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* Note to all before you read this. I am pentecostal myself, which means I believe in speaking in tongues, supernatural healings etc. for today. Copeland gives pentecostals/charismatics a bad name and in no way is a representative of what we believe. There is no person on the face of the earth more opposed to the heresies of Kenneth Copeland than I am.
(Taken from: Biblical Discernment Ministries)
- Tongues-speaking charismatic Kenneth Copeland is considered to be the most prosperous and well-known in the "Word-Faith"/"Positive Confession" movement. In his Believer's Voice of Victory magazine, Copeland teaches the following heresies: "God has never used sickness to discipline His children" (9/89); "AIDS is 'absolutely not' God's way of punishing immoral people" (11/87); Jesus didn't claim to be God when He lived on earth (8/88); the New Age/occult techniques of positive imaging and visualization are for God's people today (9/88); God intends for His people to be united, and, "That union won't be based on doctrine" (12/88); healing is for every believer (2/93); and tongues are for the entire Body of Christ (1/93). Copeland also says: "It would have been impossible for Jesus to have been poor!" (9/90 Charisma). (Reported in the 2/15/93 Calvary Contender.)
- As the name "Word-Faith" implies, this movement teaches that faith is a matter of what we say more that whom we trust or what truths we embrace and affirm in our hearts. A favorite term in the Word-Faith movement is "positive confession." It refers to the Word-Faith teaching that words have creative power. What you say, Word-Faith teachers claim, determines everything that happens to you. Your "confessions," that is, the things you say-especially the favors you demand of God-must all be stated positively and without wavering. Then God is required to answer (Charismatic Chaos, p. 281). Word-Faith believers view their positive confessions as an incantation by which they can conjure up anything they desire: "Believe it in your heart; say it with your mouth. That is the principle of faith. You can have what you say" (Charismatic Chaos, p. 285).
- Word-Faith is the fastest-growing movement within the professing church. It has involved two distinct but closely related factions: the Peale/Schuller Positive/Possibility thinkers, with their roots in New Thought, and the Hagin/Copeland Positive Confession and Word-Faith groups, which have their roots in E.W. Kenyon, William Branham, and the Manifest Sons of God/Latter Rain Movement. In Kenneth Hagin's book, Having Faith in Your Faith (Copeland confesses that Hagin's tapes and books revolutionized his ministry), Hagin teaches that anyone can develop universal "laws of faith" to get what he wants. Hagin teaches that for a pastor or anyone to drive a Chevrolet instead of a luxury car isn't "being humble, that's being ignorant" of God's "law of prosperity" that works for "whoever you are," saint or sinner. The battle-cry of the Positive Confession (PC) movement is: "Have faith in your faith." This is a far cry from what Jesus taught: "Have faith in God" (Charismatic Chaos, p. 281). (Copeland's book, The Laws of Prosperity, teaches these same concepts.)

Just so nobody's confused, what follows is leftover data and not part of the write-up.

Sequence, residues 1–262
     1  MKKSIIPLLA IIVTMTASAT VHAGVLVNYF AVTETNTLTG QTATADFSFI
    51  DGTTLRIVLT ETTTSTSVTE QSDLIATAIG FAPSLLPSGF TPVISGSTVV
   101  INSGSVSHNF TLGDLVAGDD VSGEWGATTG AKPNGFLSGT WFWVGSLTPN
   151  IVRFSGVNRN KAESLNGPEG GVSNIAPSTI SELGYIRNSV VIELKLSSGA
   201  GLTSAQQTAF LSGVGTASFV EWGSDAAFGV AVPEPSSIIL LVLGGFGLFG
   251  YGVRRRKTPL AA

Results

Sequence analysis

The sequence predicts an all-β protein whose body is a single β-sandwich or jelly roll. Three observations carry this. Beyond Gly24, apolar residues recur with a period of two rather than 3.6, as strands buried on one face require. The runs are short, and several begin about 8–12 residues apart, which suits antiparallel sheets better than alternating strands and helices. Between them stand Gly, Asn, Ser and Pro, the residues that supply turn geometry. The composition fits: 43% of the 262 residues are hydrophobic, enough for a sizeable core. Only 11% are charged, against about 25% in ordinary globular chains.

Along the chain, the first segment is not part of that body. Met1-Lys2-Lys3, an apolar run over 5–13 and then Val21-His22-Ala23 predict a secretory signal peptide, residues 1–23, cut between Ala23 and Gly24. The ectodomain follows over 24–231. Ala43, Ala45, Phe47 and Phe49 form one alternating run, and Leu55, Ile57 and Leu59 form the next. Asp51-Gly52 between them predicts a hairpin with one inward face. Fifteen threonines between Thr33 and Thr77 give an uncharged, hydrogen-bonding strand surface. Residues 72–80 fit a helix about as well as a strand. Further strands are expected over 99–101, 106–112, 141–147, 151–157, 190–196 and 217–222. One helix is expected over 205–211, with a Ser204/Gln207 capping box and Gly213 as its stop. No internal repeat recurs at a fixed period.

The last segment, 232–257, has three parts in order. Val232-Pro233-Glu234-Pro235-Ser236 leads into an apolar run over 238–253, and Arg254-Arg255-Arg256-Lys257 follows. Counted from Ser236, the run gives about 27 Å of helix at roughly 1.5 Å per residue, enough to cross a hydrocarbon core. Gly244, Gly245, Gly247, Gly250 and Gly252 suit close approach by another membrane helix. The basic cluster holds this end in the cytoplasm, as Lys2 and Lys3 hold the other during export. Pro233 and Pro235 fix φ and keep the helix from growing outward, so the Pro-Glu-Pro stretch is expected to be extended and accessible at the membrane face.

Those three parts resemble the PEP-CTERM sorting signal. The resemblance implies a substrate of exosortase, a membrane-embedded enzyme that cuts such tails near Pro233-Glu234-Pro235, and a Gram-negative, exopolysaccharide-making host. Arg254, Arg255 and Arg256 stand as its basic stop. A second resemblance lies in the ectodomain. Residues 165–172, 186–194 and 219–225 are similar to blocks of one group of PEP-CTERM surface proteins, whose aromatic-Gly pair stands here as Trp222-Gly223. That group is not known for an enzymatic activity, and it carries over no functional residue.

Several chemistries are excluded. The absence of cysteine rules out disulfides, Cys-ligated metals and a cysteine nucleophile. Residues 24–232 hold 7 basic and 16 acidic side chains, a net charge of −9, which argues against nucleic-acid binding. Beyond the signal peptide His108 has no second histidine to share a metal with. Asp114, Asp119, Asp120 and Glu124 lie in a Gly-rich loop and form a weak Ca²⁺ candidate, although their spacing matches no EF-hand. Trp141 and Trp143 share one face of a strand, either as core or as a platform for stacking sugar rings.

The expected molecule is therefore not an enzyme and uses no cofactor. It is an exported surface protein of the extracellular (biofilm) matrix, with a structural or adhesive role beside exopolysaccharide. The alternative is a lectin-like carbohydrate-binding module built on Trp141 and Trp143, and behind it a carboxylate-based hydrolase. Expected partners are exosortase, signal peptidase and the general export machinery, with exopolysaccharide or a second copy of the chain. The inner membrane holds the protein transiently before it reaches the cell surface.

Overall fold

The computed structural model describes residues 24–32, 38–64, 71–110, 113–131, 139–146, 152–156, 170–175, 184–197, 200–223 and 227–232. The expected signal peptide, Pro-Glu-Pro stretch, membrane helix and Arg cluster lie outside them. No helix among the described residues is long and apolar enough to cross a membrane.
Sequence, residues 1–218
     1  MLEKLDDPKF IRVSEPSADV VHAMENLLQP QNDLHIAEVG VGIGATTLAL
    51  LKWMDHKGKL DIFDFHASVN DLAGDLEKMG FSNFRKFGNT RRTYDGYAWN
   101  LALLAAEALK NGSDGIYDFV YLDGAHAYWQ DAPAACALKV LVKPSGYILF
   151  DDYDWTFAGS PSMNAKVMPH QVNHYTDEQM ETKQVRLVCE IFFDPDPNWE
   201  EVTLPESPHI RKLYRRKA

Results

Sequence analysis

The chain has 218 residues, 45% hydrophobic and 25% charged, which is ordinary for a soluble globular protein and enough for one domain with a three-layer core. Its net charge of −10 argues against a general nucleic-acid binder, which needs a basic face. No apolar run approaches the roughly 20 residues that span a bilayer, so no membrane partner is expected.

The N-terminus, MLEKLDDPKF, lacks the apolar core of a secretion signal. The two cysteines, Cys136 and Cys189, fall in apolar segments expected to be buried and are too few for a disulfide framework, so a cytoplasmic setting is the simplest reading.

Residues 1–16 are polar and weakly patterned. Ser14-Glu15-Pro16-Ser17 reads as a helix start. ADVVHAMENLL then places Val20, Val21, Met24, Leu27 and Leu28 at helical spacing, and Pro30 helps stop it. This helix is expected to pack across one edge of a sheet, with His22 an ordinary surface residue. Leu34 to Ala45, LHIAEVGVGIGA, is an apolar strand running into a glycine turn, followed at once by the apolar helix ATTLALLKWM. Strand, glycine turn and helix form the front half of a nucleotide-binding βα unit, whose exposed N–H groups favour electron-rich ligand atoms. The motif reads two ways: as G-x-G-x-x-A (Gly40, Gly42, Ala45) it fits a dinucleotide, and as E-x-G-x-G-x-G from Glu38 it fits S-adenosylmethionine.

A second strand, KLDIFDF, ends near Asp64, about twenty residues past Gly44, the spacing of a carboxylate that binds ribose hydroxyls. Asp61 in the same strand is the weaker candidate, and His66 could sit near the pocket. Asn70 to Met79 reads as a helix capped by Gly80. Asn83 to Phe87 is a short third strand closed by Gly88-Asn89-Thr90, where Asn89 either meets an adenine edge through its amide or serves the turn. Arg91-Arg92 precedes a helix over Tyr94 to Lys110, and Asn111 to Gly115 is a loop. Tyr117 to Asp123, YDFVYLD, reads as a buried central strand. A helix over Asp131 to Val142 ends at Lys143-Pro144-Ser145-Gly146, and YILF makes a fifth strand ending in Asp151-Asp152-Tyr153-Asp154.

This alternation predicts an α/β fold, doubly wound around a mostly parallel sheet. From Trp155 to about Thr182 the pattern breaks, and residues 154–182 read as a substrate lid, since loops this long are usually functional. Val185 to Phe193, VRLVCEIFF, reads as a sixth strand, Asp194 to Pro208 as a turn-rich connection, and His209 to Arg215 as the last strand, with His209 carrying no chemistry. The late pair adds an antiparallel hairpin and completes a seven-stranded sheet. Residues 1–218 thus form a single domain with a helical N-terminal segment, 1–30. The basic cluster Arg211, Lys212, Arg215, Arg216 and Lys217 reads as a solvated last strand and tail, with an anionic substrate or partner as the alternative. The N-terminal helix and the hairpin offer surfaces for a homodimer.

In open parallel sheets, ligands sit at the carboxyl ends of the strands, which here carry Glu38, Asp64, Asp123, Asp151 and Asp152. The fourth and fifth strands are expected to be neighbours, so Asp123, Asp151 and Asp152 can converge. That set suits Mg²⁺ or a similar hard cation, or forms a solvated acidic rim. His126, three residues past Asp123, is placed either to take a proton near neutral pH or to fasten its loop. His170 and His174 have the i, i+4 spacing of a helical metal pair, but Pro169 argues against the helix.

This is at the heart of the PC movement today, also known as the "name-it-and-claim-it" gospel. The PC movement is a charismatic form of Christian Science. This can be substantiated by simply comparing the similarities in their common beliefs. PC is basically warmed-over New Thought dressed in evangelical/charismatic language. (Other well-known PC'ers besides the "father" of the movement, Kenneth Hagin, and Copeland, his most successful protege, are Charles Capps, Frederick K. Price, Robert Tilton, and Paul Yonggi Cho. Many of them are graduates of Hagin's Rhema Bible Training Center in Tulsa, Oklahoma.)
- Copeland is perhaps the best known proponent of the charismatic's "little gods" teaching (see below). He says Jesus told him: "Don't be disturbed when people accuse you of thinking you are God ... They crucified Me for claiming I was God. I didn't claim that I was God; I just claimed that I walked with Him and that He was in Me. Hallelujah! That's what you're doing..." (Copeland thus denies the uniqueness of Christ, saying that Christ was not God, only that He walked closely with God. And as Copeland says, so does he! Copeland, thereby, places himself on the same level as Jesus Christ, willing to blur the distinction between the will of God and the will of Copeland. Copeland seems to think that he and Jesus have about the same authority for the believer.) Copeland sounds like New Ager Shirley MacClaine when he says: "You're all God. You don't have a God living in you; you are one!" and "When I read in the Bible where God tells Moses, 'I AM,' I say, 'Yah, I am too!'"